EWN Blog

 
July 8, 2016

Industry Evolution: Understanding the Impacts of the OQ NPRM

  The Pipeline and Hazardous Materials Safety Administration (PHMSA) has proposed amendments, updates and clarifications to the pipeline safety regulations to address Section 9 (Accident and Incident Notification) and Section 13 (Cost Recovery for Design Reviews) of the Pipeline Safety, Regulatory Certainty, and Job Creation Act of 2011 (2011 Act), and to certain other regulatory requirements. PHMSA has also proposed changes to the Operator Qualification (OQ) requirements and drug and alcohol testing requirements and incorporating consensus standards by reference for in-line inspection (ILI) and Stress Corrosion Cracking Direct Assessment (SCCDA) in Part 195. The public comment period for these proposed changes ended on September 8, 2015. PHMSA received comments from 35 entities. On June 1, 2016, the Gas Pipeline Advisory Committee (GPAC) and the Liquid Pipeline Advisory Committee (LPAC) met in Arlington, VA., to review several the regulations proposed by PHMSA. The GPAC and LPAC are congressionally-mandated peer review committees composed of industry, government and public pipeline safety experts that advise whether PHMSA’s proposed rules are reasonable, practical, technically feasible and cost-effective. During the month of July, EWN will explore the significant regulatory changes proposed by PHMSA in an educational series titled “Industry Evolution”, starting with their proposed core change […]
July 5, 2016

PIPES Act of 2016 & PHMSA Penalties Increased

PIPES Act of 2016 Signed into Law The PIPES Act of 2016 was signed into law by President Obama on June 22, 2016. The PIPES Act, which is more formally known as the Protecting our Infrastructure of Pipelines and Enhancing Safety Act of 2016, reauthorizes the Pipeline Safety Act through the end of September 2020. One of the top priorities of the Act is the requirement for the Pipeline and Hazardous Materials Safety Administration (PHMSA) to fulfill the mandates from the 2011 re-authorization. The following is a recap of the main requirements of the PIPES Act of 2016: Provides funding for the operational expenses of PHMSA. Requires PHMSA to update Congress 120 days after the date of enactment of the Act and every 90 days thereafter on outstanding statutory directives, including the status of each mandate, reasons for its incompletion, and estimated completion date. Requires two reports on the effectiveness of integrity management programs for both natural gas pipelines and hazardous liquids pipelines. Requires a study on the new innovations in pipeline materials, corrosion prevention technology, and corresponding training. Requires vacancies to be filled on the Technical Pipeline Safety Standards Committee, the Technical Hazardous Liquid Pipeline Safety Standards Committee, and […]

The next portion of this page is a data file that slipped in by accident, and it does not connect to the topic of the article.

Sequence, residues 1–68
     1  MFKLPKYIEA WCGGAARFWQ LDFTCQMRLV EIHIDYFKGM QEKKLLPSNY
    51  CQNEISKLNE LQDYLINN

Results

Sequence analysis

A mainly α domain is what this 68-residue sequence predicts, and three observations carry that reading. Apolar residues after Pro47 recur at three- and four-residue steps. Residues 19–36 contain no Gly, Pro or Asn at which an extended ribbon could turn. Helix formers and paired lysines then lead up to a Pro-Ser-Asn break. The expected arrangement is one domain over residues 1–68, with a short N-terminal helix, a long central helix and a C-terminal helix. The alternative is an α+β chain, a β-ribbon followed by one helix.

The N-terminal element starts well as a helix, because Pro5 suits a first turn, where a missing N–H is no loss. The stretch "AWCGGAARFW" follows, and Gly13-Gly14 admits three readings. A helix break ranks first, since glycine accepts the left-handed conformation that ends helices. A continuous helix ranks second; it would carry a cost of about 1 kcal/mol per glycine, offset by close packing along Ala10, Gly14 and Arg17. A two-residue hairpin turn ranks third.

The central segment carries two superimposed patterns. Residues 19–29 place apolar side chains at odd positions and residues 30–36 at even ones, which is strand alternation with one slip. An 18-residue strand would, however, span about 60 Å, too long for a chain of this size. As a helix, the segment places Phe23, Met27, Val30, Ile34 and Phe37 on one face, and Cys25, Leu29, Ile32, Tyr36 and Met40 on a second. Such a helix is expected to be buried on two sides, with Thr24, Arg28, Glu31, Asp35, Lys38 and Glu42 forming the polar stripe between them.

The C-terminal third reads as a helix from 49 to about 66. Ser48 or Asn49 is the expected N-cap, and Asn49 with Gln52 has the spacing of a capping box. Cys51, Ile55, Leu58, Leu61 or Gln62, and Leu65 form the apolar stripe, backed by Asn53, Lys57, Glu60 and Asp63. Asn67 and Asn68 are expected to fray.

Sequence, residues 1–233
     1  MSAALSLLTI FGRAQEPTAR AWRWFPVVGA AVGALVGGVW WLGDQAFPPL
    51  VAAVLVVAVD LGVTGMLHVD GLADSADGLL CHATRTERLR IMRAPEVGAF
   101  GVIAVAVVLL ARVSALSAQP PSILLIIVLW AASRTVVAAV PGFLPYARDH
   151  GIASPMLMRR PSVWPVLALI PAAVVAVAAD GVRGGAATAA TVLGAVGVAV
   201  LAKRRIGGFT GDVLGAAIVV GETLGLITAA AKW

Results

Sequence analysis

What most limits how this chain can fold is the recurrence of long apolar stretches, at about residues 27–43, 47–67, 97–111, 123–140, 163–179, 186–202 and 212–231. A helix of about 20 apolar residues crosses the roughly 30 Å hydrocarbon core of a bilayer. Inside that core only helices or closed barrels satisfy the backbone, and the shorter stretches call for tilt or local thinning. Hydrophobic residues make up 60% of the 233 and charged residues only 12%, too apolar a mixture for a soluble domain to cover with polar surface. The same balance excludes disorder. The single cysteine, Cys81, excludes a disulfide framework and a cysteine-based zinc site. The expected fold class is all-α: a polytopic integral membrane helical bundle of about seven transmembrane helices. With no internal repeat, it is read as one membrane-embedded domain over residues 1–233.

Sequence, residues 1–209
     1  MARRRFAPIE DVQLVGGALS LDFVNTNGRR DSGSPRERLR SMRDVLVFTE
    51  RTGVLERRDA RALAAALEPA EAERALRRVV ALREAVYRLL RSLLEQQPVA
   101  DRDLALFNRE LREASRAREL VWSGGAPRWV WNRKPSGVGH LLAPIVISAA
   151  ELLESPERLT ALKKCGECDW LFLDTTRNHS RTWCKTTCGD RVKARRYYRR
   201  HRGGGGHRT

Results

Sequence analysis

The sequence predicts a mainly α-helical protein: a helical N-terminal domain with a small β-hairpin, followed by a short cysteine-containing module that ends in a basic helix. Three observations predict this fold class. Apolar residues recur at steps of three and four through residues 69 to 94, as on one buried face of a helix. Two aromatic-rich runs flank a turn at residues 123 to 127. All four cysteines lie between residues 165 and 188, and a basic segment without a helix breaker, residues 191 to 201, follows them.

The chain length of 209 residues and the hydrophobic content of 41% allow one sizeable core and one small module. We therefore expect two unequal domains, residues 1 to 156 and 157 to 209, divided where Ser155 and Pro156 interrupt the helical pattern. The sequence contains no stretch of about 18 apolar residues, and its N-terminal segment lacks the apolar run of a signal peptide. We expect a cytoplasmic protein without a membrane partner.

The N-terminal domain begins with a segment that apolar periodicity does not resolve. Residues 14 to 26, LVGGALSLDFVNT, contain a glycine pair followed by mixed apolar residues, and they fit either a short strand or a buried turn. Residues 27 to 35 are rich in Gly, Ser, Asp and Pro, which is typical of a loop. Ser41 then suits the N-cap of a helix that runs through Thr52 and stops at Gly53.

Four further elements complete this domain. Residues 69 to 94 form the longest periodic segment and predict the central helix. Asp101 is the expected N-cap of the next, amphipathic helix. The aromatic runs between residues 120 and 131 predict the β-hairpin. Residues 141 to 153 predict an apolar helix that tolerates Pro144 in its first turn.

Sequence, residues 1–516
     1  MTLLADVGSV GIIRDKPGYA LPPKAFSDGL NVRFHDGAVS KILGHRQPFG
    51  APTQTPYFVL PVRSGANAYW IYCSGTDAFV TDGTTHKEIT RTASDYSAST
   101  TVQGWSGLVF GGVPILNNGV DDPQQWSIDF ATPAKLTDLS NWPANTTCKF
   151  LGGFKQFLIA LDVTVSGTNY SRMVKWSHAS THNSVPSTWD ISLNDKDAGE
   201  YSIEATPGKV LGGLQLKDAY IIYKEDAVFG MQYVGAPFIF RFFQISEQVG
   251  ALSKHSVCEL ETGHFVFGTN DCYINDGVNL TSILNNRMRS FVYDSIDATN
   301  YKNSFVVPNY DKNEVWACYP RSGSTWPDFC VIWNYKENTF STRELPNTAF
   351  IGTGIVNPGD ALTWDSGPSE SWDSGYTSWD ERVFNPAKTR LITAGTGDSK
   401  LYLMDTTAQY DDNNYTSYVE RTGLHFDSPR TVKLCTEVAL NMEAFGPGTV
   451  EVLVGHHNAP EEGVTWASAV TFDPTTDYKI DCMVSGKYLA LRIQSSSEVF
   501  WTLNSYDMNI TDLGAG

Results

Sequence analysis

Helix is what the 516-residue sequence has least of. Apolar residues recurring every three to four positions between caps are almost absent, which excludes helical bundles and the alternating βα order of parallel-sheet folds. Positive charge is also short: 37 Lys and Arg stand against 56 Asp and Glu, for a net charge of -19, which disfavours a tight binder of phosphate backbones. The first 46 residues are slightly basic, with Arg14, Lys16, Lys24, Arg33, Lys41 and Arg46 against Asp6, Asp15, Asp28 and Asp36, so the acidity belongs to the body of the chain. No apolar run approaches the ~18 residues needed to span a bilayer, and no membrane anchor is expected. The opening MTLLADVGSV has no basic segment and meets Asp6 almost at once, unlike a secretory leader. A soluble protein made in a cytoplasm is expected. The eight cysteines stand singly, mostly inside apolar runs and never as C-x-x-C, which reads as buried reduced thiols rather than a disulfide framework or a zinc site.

June 20, 2016

OSHA’s Respirable Crystalline Silica Final Rule

EWN strives to set the safety & compliance industry standard by understanding regulatory changes and updating existing courses as needed. OSHA’s Respirable Crystalline Silica Final Rule takes effect on June 23rd, 2016. The Final Rule includes separate standards for Construction (29 CFR 1926.1153) and General Industry and Maritime (29 CFR 1910.1053). Here are the changes: Respirable crystalline silica permissible exposure limit (PEL) reduced to 50 micrograms per cubic meter of air (8-hour average shift). Employers are required: Use engineering controls to limit worker exposure to PEL Provide respirators when engineering controls cannot limit exposure Limit worker access to high exposure areas Develop a written exposure control plan Offer medical exams to highly exposed workers Train workers on silica risks and how to limit exposure EWN has you covered when it comes to training your workers on the hazards of silica exposure in the workplace. Our course 17335-EWN-CBT-Respirable Crystalline Silica (OSHA) has been updated to reflect the noted changes, and will be available on June 23, 2016, so that you can begin educating your employees. Although employees will require training on the new safety and compliance measures, there are also company specific requirements you must understand and be prepared to implement. […]
February 9, 2016

The Silent Killer: Carbon Monoxide Poisoning

The Mayo Clinic defines carbon monoxide (CO) poisoning as “an illness caused by exposure to too much carbon monoxide” – a colorless, odorless and tasteless gas. Too much carbon monoxide in the air you breathe can greatly diminish your ability to absorb oxygen, leading to serious tissue damage. Carbon monoxide is produced as a bi-product of appliances used when heating your home during the cold months or using alternative power sources, such as generators, during a power outage. Due to this need for added warmth, January has become the deadliest month for carbon monoxide poisoning and is largely due to unintentional or accidental carbon monoxide exposure. Unintentional carbon monoxide exposure becomes dangerous when carbon monoxide begins to accumulate in a contained or poorly ventilated space. Signs of carbon monoxide poisoning can be subtle but should be treated as a medical emergency. Seek treatment immediately, if someone has been exposed to carbon monoxide and is experiencing: headaches nausea dizziness confusion light-headedness Safety Tips to prevent carbon monoxide poisoning as recommended by Poison Control: Have your heating system, water heater, and any other gas, oil, or coal-burning appliance inspected and serviced by a qualified technician every year. Install battery-operated CO detectors on […]
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